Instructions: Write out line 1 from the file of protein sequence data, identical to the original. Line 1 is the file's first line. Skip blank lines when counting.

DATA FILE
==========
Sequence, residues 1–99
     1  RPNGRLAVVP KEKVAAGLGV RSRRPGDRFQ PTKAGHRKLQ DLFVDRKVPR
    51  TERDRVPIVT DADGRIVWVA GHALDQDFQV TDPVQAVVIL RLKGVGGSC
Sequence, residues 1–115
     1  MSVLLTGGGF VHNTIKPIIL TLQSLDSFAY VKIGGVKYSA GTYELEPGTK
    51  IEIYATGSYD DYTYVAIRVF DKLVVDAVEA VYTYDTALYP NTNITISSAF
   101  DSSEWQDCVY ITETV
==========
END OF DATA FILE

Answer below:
Sequence, residues 1–99